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Retiring overseas: Is this the moment?

Retire abroad
Retire abroad

Ah, retiring overseas. For many people nearing the end of their work lives, the idea of setting sail for a new, faraway home is the stuff of dreams.

Not surprisingly, retiring overseas is becoming increasingly common: Some 373,224 retired workers received Social Security checks overseas in 2013, the latest data available, up from 306,906 in 2008 and 246,890 in 2003.

Today, soon-to-be retirees have more reason than ever to think that dream can become reality, thanks to the strong dollar. As of January 15, $100 would buy 92 , up from 83 euros at the beginning of 2015. That same dollar amount would now buy roughly 1,827 Mexican pesos, compared to 1,474 on Jan. 1, 2015. The Colombian peso is up roughly 33 percent from a year earlier.

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All of that means buying a home or any other assets overseas is easier than it has been in some time, said Kathleen Peddicord, publisher of "Live and Invest Overseas."

"If you have a fixed income in U.S. dollars, right now the U.S. dollar is super strong," she said. "What I recommend as a strategy is, find a place you want to live where the dollar is very strong right now, and buy your residence. Once you do that, buying at today's strong dollar value, you can buy at a good price and you have taken the cost of housing off the table."

But before you take the plunge, it's wise to stop and consider all that is involved in retiring overseas. Buying your home may be just the start.

How to draw down your retirement savings

Just setting up residency in another country comes with a cost, for example. In some countries, the process of obtaining a residency visa can take a year or more, and the paperwork and legal fees can cost as much as $5,000, Peddicord said.

Then there is the matter of working in later life. Many experts advise that working past age 65 is the best way to ensure a financially secure retirement. But working in another country is not so simple.

"In most countries, they won't let you work unless you are working off the grid," said Art Koff, founder of Retired Brains, an online job and information resource. As a result, many people living overseas who want to work end up doing so for U.S. employers, he said.

That may be why some expats opt to set up shop for themselves. Opportunities certainly exist, Peddicord said.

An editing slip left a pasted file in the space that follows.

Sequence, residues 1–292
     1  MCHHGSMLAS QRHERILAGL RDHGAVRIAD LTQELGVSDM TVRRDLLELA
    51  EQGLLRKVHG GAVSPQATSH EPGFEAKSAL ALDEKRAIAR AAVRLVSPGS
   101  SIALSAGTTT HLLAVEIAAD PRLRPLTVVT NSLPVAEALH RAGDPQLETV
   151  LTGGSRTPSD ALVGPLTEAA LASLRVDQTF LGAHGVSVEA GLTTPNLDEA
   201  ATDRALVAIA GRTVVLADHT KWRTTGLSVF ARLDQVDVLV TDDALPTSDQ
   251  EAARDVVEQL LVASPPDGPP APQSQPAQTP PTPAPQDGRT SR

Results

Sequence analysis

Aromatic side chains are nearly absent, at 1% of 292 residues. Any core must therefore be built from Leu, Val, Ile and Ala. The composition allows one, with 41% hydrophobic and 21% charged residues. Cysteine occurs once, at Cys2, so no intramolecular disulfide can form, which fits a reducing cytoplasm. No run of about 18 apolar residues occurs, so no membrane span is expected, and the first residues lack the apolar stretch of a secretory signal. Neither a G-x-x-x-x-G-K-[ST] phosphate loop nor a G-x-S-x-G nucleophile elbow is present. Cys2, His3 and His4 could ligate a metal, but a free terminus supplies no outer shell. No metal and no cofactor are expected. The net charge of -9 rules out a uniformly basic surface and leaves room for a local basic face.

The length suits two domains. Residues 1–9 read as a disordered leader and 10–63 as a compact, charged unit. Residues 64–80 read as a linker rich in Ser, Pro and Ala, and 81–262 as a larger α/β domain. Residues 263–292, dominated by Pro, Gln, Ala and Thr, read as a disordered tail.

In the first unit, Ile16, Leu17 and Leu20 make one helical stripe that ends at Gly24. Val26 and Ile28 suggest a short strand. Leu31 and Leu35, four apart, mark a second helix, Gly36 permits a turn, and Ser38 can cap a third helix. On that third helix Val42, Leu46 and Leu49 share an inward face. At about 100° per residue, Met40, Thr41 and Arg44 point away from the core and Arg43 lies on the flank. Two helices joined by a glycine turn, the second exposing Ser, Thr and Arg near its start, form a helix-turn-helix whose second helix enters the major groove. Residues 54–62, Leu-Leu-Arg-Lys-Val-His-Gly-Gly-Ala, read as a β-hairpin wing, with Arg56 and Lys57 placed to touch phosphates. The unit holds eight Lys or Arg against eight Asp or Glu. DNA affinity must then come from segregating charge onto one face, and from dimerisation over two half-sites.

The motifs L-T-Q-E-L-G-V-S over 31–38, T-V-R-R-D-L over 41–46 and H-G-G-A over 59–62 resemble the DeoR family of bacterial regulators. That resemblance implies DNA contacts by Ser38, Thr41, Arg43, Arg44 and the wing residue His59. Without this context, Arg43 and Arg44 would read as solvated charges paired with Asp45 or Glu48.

"Look around in the country where you move, and I guarantee in these developing, emerging markets, you will identify gaps and opportunities," she said. In most countries, you will not need a work permit to open your own business, she added, but you will owe taxes on your income.

Whether or not you work, you will also need to be sure you pay what you owe to the Internal Revenue Service. Living overseas does not put you out of its reach, particularly if you are receiving Social Security checks or other regular government checks. You are allowed to exempt some foreign earned income, but you must file.

"Anybody who tries to move overseas and not pay taxes is unquestionably going to get nailed sooner rather than later," Koff said.

What to know before retiring abroad

Another financial consideration is health care. Medicare will not cover your medical costs overseas, though Peddicord and others recommend paying the premiums to maintain your eligibility in case you return to the U.S.

As for paying for health care locally, your options will vary. In some countries the care is extremely inexpensive and high quality. In others, you may want to obtain global health insurance from a company like Bupa or Cigna.

Travel is something else to factor in. Tourism and trips home can be a big part of expat retirees' plans, so it is worth considering the cost of getting where you want to go.

Your day-to-day living expenses may well be lower overseas than in the U.S., and a strong dollar can cut them even further. But to be prudent, calculate what your food and other costs would be if the dollar were to weaken significantly. Peddicord recalled living in Ireland when the euro was worth $1.50.

Clearly, retiring overseas is not a simple matter. But for those who want to take the plunge, this could be the time.

For her part, Peddicord is planning for later life in Paris. She already owns an apartment there, but for those thinking of a move to the City of Light, she offered encouragement.

The weak euro is putting an admittedly expensive city more in reach, she said, and the terror attacks of last fall have dampened demand. For now, she said, "it's a buyer's market."

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